Look what followed me home - what you need to know about behavioural targeting

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Look what followed me home.       

Web marketing is getting pushy. So are we about to see another big change in recruitment targeting methods?

I made a mistake a while back. I visited the website of a well known cycling retailer and spent a few minutes browsing for a set of wheels to commute to work on.

Was I really serious about buying? Probably not. But it’s nice to look. The internet is after all a window shopper and idler’s paradise.

The following day I had just gone onto a newspaper site and guess what? Either side of the article I was reading, up popped ads for the very same bike I was looking at. I think you know the rest of the story. For weeks now, ads for various bikes and bike accessories (with tempting discounts of course) have been stalking me wherever I go. Leaping out to grab my attention in the oddest of contexts.

Moreover my inbox contains far too many pictures of men in lycra for someone in my position.

Known as ‘behavioural marketing’ or ‘retargeting’, there is a rapidly growing business in tools and data that enable sellers to take a second, third or twentieth shot at customers who slip their clutches. It may sound and feel like the internet equivalent of the salesman leaving the shop and pursuing you home waving brochures – but the fact is it works. It really works.


However annoying and intrusive it may seem to those being stalked by their browsing history, the steady clink of virtual money hitting virtual tills has convinced retailers that the benefits far outweigh any downside. There’s a very old marketing adage that the customer won’t buy until they’ve seen the same ad 10 times and you were just about to give up on the campaign as a failure.

In 2012, US companies spent $2 billion delivering their advertising in this targeted way. Some say sales conversions grew by orders of magnitude. Now that’s what I call pester power.

How does it work?

Each time you visit a website that hosts this technology in the background, a rather sophisticated piece of software records what you look at, for how long, etc. And as you leave it slaps a cookie on you (a sort of ID tag in your browser) so that when you return to that site or another site on the same adserving network, it recognises you and what you looked at. Over time, your browser accumulates lots of these cookies, some silent, but many whispering where you’ve been and what you did - gradually building a picture of your interests, shopping habits and when you tend to turn off your iPad and go to sleep.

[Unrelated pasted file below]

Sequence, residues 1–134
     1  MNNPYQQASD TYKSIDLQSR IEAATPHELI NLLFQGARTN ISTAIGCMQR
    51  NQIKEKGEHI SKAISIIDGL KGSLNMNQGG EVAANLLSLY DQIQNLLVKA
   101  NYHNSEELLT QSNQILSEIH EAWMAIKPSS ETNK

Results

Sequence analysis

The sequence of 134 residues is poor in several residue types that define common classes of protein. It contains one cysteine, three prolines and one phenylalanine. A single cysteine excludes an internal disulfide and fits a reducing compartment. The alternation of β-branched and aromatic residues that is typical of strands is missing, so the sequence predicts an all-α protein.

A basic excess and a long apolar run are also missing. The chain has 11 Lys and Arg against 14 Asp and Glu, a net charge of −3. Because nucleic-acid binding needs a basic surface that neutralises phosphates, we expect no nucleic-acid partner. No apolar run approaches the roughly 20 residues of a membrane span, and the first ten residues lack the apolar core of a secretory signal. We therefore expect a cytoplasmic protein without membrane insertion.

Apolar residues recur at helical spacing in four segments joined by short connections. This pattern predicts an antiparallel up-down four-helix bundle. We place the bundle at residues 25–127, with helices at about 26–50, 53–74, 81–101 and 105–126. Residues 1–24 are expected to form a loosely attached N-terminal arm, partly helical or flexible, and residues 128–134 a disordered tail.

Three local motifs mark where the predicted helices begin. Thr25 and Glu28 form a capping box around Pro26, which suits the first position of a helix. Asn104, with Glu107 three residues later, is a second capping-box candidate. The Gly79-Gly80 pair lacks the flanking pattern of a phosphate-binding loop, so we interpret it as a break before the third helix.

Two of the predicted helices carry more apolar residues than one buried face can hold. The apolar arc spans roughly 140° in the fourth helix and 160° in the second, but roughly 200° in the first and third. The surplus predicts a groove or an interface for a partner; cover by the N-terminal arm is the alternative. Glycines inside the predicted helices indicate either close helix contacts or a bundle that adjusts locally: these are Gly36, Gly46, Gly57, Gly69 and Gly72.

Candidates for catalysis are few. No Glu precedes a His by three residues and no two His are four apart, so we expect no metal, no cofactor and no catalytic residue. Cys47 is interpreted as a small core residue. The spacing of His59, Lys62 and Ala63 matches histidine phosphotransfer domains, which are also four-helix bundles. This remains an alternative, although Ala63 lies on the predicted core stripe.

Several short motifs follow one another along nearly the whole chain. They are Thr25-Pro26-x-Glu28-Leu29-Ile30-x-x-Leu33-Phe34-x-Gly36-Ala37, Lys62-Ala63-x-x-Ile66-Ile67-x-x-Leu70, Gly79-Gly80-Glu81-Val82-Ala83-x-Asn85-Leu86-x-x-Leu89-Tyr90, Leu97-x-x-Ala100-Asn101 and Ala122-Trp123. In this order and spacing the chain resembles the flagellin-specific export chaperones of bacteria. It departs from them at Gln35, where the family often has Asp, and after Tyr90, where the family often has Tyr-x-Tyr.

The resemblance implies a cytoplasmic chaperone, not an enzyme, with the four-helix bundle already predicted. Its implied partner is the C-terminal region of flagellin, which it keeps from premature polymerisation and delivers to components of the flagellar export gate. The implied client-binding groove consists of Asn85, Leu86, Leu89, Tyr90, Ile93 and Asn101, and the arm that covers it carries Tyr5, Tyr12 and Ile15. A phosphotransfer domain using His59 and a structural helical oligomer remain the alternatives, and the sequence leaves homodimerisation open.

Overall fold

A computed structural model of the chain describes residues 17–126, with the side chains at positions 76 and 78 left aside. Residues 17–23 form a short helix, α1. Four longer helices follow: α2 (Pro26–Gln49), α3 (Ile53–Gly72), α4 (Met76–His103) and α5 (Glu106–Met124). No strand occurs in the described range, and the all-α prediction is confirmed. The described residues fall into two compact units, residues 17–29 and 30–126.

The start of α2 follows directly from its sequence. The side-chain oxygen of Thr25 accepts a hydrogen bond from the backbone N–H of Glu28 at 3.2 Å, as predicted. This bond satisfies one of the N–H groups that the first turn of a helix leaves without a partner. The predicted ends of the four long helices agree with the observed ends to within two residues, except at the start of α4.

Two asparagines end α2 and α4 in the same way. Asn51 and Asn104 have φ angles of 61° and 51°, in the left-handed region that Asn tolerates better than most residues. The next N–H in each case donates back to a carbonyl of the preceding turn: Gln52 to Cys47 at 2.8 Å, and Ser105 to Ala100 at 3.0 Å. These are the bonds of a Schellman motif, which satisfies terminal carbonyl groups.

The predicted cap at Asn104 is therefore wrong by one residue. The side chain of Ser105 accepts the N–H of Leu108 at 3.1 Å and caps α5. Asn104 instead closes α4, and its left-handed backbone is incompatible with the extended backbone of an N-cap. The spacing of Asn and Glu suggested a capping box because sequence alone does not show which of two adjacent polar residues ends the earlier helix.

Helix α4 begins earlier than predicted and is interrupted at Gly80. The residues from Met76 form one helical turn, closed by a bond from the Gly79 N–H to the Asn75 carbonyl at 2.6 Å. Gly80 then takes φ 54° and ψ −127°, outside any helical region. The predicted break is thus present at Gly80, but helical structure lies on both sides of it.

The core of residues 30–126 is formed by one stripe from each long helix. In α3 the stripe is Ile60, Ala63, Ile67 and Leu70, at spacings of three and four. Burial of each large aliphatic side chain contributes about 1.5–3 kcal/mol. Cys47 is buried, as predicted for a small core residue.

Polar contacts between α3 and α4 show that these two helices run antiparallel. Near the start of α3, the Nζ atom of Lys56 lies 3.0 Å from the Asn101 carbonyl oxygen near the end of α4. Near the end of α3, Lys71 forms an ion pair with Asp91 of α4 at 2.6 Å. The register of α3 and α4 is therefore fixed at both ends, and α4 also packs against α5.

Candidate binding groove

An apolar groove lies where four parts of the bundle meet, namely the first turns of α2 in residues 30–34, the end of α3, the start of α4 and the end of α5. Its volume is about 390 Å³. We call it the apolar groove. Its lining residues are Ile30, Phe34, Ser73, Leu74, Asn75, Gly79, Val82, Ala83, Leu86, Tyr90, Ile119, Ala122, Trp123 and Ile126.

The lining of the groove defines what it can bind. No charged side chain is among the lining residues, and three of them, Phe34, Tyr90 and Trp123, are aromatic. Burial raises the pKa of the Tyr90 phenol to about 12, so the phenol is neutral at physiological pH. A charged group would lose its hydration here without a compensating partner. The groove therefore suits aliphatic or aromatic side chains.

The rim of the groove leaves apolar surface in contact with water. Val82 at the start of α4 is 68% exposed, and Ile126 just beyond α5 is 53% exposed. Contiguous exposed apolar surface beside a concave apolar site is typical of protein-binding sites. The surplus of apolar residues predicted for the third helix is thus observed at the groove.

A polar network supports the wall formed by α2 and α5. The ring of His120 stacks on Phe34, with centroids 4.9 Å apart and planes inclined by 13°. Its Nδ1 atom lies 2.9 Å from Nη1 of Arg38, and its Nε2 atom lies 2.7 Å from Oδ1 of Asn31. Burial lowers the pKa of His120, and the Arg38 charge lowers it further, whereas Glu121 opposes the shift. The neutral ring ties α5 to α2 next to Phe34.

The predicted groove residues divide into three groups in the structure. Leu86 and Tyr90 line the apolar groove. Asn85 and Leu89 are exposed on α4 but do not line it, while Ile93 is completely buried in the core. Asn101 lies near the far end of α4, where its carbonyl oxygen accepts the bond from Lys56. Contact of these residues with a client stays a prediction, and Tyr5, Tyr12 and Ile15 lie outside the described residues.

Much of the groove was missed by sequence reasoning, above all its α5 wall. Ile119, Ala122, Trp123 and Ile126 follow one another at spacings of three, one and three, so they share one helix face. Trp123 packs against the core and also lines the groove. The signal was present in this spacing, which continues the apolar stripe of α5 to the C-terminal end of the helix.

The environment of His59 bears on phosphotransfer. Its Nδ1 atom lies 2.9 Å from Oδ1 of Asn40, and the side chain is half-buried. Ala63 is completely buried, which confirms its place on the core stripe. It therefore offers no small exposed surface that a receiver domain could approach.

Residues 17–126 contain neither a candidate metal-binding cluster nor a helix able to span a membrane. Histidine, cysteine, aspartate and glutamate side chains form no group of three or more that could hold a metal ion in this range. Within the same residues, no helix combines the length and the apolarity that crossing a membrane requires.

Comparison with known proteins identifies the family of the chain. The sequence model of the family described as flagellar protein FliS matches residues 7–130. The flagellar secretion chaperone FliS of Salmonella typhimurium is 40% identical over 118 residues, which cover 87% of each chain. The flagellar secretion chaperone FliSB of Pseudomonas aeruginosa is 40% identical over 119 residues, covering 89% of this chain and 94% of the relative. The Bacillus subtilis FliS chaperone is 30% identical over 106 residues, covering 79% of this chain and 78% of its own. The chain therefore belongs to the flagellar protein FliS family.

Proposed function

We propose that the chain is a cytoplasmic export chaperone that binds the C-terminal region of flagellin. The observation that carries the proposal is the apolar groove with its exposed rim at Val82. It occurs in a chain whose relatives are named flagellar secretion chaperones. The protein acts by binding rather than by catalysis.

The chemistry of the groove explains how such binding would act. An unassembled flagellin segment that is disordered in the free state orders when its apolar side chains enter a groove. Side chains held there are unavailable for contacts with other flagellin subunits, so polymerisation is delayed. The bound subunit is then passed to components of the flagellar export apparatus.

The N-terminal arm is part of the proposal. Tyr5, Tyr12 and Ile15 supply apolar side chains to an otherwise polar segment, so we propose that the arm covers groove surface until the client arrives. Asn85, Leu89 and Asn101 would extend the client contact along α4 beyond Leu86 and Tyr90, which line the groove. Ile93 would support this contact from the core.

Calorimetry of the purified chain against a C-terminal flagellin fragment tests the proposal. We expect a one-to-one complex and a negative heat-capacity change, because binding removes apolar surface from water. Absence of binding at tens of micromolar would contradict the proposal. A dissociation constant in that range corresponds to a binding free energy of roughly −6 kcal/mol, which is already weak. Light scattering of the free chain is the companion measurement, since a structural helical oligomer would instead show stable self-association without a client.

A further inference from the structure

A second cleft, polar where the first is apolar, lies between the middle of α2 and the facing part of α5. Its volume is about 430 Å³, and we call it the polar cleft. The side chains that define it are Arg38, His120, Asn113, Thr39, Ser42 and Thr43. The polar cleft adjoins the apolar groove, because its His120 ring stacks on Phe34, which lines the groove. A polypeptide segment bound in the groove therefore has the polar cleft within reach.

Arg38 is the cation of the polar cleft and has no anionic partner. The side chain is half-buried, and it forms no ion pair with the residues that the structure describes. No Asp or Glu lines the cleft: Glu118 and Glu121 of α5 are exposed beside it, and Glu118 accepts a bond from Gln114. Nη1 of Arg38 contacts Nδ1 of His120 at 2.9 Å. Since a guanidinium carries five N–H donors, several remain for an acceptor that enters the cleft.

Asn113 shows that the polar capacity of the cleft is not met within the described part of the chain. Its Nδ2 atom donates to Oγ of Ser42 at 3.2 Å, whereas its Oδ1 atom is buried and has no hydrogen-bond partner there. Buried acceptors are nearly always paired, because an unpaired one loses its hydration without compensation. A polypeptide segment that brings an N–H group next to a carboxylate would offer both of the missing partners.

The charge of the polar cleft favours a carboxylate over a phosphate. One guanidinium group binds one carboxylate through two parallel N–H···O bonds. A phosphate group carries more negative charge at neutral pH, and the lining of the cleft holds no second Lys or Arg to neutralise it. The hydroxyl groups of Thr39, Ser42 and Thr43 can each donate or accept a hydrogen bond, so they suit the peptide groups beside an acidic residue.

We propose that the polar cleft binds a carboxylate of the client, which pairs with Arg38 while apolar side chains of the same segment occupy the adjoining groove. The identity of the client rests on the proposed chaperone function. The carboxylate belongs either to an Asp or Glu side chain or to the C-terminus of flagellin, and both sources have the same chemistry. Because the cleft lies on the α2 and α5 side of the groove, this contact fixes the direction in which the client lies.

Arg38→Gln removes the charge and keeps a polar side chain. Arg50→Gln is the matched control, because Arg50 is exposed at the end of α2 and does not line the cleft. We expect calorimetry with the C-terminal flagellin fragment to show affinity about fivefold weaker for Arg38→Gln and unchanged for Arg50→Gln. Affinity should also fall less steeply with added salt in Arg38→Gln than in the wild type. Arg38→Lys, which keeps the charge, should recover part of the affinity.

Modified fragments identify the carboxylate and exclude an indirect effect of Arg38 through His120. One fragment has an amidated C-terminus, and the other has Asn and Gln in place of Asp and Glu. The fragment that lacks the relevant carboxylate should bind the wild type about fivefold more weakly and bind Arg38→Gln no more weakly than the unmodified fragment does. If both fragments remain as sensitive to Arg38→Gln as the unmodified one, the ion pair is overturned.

Anonymous though this data is meant to be (at least at a superficial level), it is easy to see why governments are becoming concerned at where this all might lead.

For example, there is a growing enthusiasm amongst retailers for ‘abandoned basket’ solutions. You know the sort of thing - you go to a website, pop a couple of things in the basket, start to check out, think better of it and go elsewhere.

Then a day later an email arrives politely asking you if you’d like to go back and complete the purchase?


Probably acceptable and not even if surprising if it is a website where you are a registered customer – I now buy my underwar by visiting a particular website, look at what I want and wait 48 hours for a discount offer to chase me. But what about if you’d never registered or ordered previously? You may not be aware that it is now common practice for websites to ‘scrape & store’ your email address as soon as you type it in or even mine your email by matching partial address or name data in public databases.

Two ostensibly legal practices combined to make a result definitely in the grey area.

As for your mobile phone number, some of you may already have noticed that the ad stalking is crossing between media.

The plain truth is that it is becoming increasingly difficult to hide who you are, what you are and how you can be found, on the internet.

So does the AI watching from behind the original bike store’s website know who I am? Maybe, maybe not. But it doesn’t need to know and it doesn’t care. All it needs to know is that I looked at certain bikes on several stores. It possibly knows what newspaper I read and what sections or articles I look at, it knows where I am to within a mile or so and, given enough time, an algorithm can probably take a good stab at my gender, age, income level, holiday plans, job skills, job title and taste in music.

Then - when it spots me checking the weather in Norfolk for the following week - send me the ad for the perfect bike for a ride along the coast road.

And I’ll click through to a page that the AI has already been personalised with what it knows about me in minutes.


Mmmmm, I wonder?

You are way ahead of me here. I could hear your cogs whirring paragraphs ago.

If this sort of data capture was widespread (sorry, what am I thinking, this sort of technology is now almost ubiquitous), developing a strategy to identify highly specific pools of candidates and deploy precise recruitment messaging to tap on their shoulder using conventional or online means at the perfect moment would be frighteningly simple and, even more frighteningly, cheap.

Anybody that visited a jobsite or looked at an article or website that indicated a likelihood that they might just be in mind of a move would be walking around with a virtual ‘Hire Me’ poster on their back.

Universities are already using this to prospect for high calibre overseas students that have unbeknowingly flagged themselves as being open to the idea through their web behaviour. And it is starting to be used in the UK for recruitment as well.

So a word of advice next time you sit in front of your computer. Go to Google. Type in ‘Clear Cookies’ and follow the instructions.

There. You’re safe for a few hours.